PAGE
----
I quickly turned my attention to the chiselled beauties of mankind that crowded the room. Physically flawless – the pesky confines of mortality notwithstanding. It was rare to find half a brain between them, but for blood that sweet, I was willing to forgo intelligent conversation. Then, there was the ever-present smattering of fine looking women, mingled throughout the posers and their admirers.
Seduction remains, without doubt, one of the safest forms of feeding available to our kind. I have taken to my bed women, men, white, black, Asian, young, old, fat, thin, muscular… any creed, colour, sexuality or physical type you care to nominate. It is only the taste of the blood that varies.
For example, men taste harder, bolder and fuller in flavour than women. This doesn’t necessarily make their blood better, and I’ve nothing in the world against women. But over decades of hunting, I have found the blood of men much easier to attain. Men are confident to go home with a stranger for a night of rough passion while women tend to balk at the prospect – an unchanging observation for as long as I’ve depended on their blood. Women are perceptive. Men are dumb – many adorably so.
Like the one who caught my eye, leaning on the bar just a few metres away, swilling expensive beer from a thin bottle. His short blonde hair shone immaculately in the pulsing lights. His legs snugly filled out dark blue jeans and his black shirt was tucked into a leather belt, laying bare his muscular chest and strong back. I could tell by the bored, lazy expression in his eyes. An easy, tasty meal. A meal named Rory, as a smile and quick introduction soon revealed.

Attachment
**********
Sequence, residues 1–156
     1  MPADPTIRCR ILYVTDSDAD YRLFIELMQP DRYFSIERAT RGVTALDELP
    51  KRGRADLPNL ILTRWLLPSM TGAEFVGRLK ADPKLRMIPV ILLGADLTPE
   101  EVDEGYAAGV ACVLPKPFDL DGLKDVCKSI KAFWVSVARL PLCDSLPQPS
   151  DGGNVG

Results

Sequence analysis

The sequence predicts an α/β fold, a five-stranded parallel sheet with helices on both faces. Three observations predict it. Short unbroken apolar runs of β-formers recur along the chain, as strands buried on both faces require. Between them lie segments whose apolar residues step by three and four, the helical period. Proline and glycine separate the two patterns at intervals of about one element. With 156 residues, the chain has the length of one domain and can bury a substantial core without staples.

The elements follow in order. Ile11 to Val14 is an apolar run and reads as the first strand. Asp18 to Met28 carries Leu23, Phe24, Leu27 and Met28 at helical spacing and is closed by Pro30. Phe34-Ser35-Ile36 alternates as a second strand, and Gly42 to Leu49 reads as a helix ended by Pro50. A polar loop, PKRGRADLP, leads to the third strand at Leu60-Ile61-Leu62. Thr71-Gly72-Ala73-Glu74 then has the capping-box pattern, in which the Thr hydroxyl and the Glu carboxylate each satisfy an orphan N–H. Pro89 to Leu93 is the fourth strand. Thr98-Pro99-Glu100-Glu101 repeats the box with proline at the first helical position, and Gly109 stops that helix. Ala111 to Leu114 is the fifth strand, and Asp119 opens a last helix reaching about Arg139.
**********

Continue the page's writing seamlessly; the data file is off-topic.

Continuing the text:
I take great pride in my ability to summarise people at a glance, and Rory was more or less as he appeared. He was twenty-seven, infatuated with the gym, loved to party and knew none of the authors, musicians, or artists that I longed to speak of.
On the bright side, our lack of common interests allowed me to hand out half answers while I focused on what was important – the veins, rising deliciously from his forearm to his shoulder. As I looked deeper, I could almost feel the warmth of his blood, unpolluted with drugs, save the little beer he was drinking. That body, lean, athletic and well-kept, was a brilliant store of health. Enough to last me two nights, if I was careful.
Now, do you understand why I love Blaze?
After a half hour’s ‘conversation’, I was actually starting to enjoy Rory. He had a hearty laugh that matched his physical appeal and occasionally caught my attention with flashes of keen intelligence. A law graduate, completing his thesis at Macquarie, he was trying hard not to bore me with details – despite the best pleas of my glazed over expression. Anything but the blow-by-blow description of some fitness class he taught. Please, I beg you. Make it stop!
Before the boxercise-induced aneurism could take hold completely, the blood flowing beneath his smooth flesh glowed hotter, and he put his beer down on the table. Before I could move – not that I tried – he leaned down and kissed me.
It is one thing to be kissed as a human, by someone gifted in the act. But for one of my kind, being kissed is a far more revealing experience. In that brief moment of intimacy, we can sample a mortal’s blood without drawing a single drop. We can know their health, their quality and breeding, their nature and mood – anything that may affect the blood’s flavour, but remains invisible.
As long as his lips were against mine, Rory was happy to be explored. The aroma of his blood was so sweet I had to fight the temptation to bite his tongue right there and drain him. His hard, smooth body, damp with the sweat of dancing, slid over my lycra vest as he pushed deeper. He put a hand on my back and worked his way down, somehow forcing his fingers inside my unyielding pants, gently kneading the smooth cleft of my behind. Not wishing to seem frigid, I began a little exploration of my own, slipping a hand inside his belt.
“Ahem.” The bartender winked at us. It was one of the modern club scene’s most elegant phrases summed up in a very simple act.